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Jean-Yves Gilg

Editor, Solicitors Journal

The Archers and the law on domestic abuse

The Archers and the law on domestic abuse


Helen Greenfield considers how new legislation criminisalising controlling or coercive behaviour in a family relationship could have applied to a recent storyline on the Radio 4 soap

It is definitely a sign of my age that I now listen to The Archers religiously every week. I remember hearing the familiar theme tune wafting upstairs once I'd been put to bed when I was younger and thinking I would never turn into one of those people - but
I have.

Whether I did or not, however, I think I would have been hard pushed to avoid the recent storyline involving Helen Archer and her husband, Rob Titchener.

The story of Rob's insidious and subtle emotional abuse of Helen was difficult to listen to. Over two and a half years, it finally pushed Helen to stab him. We still do not know how things will be resolved, but was this the only way out for Helen? Could she have made a better decision if she were able?According to the editor of
The Archers, it is not entirely coincidental that, on 29 December 2015, section 76
of the Serious Crime Act 2015 came into force. This created
a new offence criminalising controlling or coercive behaviour in an intimate or family relationship, where the behaviour has a serious effect on the victim.

This was introduced with a view to closing a perceived
gap in the law relating to patterns of controlling or coercive behaviour that can occur during a relationship where individual events would not be sufficient to constitute an offence. It recognises the harm and cumulative impact on the victim which can be caused by such behaviour and the fact that a repeated pattern of abuse can often be more harmful than a single incident of violence.
A key part of the offence is therefore that the behaviour
on the part of the perpetrator takes place repeatedly or continuously.Under section 76, it is an offence for a person (A) when:

  • A repeatedly or continuously engages in behaviour towards another person (B) that is controlling or coercive;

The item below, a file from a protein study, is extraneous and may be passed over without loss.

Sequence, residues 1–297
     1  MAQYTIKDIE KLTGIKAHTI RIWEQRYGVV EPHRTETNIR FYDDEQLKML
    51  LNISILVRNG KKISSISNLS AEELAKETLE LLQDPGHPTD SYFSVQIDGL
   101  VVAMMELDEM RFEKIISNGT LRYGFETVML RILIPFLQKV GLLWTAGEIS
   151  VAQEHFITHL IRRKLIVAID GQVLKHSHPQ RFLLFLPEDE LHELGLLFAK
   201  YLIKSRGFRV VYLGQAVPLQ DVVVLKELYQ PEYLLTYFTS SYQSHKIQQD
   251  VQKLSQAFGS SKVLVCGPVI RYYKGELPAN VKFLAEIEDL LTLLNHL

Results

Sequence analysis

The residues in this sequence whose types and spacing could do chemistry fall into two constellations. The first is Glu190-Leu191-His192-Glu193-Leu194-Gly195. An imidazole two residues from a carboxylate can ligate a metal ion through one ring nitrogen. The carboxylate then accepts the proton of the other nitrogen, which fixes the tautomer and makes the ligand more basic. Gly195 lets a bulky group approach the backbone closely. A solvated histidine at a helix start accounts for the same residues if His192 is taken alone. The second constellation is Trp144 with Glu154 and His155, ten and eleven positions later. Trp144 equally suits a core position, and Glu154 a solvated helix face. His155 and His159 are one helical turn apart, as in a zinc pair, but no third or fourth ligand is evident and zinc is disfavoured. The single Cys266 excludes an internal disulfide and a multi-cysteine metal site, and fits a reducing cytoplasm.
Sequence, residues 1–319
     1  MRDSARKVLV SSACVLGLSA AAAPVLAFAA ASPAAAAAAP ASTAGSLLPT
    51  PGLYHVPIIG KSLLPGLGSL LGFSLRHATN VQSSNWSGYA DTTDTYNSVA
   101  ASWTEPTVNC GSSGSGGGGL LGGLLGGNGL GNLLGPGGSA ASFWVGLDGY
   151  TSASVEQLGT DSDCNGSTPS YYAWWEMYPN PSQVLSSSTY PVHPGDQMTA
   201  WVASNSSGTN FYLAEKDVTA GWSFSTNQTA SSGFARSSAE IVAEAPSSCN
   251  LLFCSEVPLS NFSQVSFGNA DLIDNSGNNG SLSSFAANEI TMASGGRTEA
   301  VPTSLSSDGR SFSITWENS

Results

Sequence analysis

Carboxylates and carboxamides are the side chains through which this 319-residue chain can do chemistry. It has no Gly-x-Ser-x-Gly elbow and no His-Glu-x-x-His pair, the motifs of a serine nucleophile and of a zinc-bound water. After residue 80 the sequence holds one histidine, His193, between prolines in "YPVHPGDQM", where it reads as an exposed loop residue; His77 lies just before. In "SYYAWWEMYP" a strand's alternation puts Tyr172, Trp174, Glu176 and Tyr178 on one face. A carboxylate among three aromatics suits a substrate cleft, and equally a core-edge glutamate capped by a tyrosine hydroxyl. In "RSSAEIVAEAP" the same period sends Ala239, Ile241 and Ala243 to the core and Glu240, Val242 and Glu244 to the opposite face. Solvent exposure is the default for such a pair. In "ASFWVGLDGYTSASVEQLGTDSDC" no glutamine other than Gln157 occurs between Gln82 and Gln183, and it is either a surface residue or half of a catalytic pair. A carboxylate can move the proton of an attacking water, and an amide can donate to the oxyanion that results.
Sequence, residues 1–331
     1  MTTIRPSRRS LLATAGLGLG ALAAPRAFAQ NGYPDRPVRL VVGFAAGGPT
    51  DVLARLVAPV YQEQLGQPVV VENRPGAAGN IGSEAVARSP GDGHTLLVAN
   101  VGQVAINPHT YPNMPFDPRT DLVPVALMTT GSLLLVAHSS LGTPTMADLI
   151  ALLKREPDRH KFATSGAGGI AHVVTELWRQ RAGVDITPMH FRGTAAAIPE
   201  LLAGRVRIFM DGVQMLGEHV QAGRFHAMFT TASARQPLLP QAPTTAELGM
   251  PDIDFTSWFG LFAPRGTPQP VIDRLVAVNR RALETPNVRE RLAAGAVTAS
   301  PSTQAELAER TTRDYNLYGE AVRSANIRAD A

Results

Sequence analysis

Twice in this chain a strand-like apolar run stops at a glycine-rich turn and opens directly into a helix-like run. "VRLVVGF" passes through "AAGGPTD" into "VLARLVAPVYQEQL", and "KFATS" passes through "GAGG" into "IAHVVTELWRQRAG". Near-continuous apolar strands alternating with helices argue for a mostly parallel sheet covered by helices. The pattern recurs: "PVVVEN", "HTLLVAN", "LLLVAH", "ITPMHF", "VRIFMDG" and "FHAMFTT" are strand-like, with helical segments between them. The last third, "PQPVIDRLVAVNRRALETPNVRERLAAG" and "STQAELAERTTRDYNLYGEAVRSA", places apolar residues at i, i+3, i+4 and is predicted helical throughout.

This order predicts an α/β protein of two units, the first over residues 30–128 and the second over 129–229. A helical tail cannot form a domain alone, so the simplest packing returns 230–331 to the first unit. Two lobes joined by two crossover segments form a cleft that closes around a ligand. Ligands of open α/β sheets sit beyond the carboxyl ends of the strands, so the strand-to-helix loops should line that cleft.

• At the time of the behaviour, A and B are personally connected (either A is in an intimate personal relationship with B, or A and B live together and are either members of the same family or have previously been in an intimate personal relationship together);

  • The behaviour has a serious effect on B (either it causes B to fear, on at least two occasions, that violence will be used against them, or it causes B serious alarm or distress which has a substantial adverse effect on B's usual day-to-day activities); and

  • A knows or ought to know that the behaviour will have a serious effect on B (this is an objective test).

There is a non-exhaustive list of possible coercive or controlling behaviour in the statutory guidance produced by the Home Office, which includes:

  • Isolating a person from their friends and family;

  • Depriving them of their basic needs;

  • Monitoring their time;

  • Monitoring a person via online communication tools or using spyware;

  • Taking control over aspects of their everyday life, such as where they can go, who they can see, what to wear, and when they can sleep;

  • Depriving them of access to support services;

  • Repeatedly putting them down;

  • Enforcing rules and activity which humiliate, degrade, or dehumanise the victim;

  • Forcing the victim to take part in criminal activity;

  • Financial abuse, including control of finances;

  • Threats to hurt or kill;

  • Threats to a child;

  • Threats to reveal or publish private information;

  • Assault;

  • Criminal damage;

  • Rape; and

  • Preventing a person from having access to transport or from working.

The maximum penalty on summary conviction of the offence is six months' imprisonment and/or an unlimited fine. On the commencement of section 154(1) of the Criminal Justice Act 2003, the maximum sentence on summary conviction will rise to 12 months. The maximum penalty on conviction on indictment is five years' imprisonment and/or an unlimited fine.

It would be easy to read this and think that, yes, Helen would have been far better off getting herself a solicitor and sorting things out using this new legislation. But her inability to make such rational decisions is all part of the abuse. The fact that Helen assaulted Rob means that we are now able to examine what the courts make of these domestic, behind-closed-doors matters, as a result of which two women a week are killed and thousands more affected.

It must be right that these issues are being raised and talked about, and that such behaviour can now be recognised as an offence.

Helen Greenfield is an associate at Family Law in Partnership @FLiPltd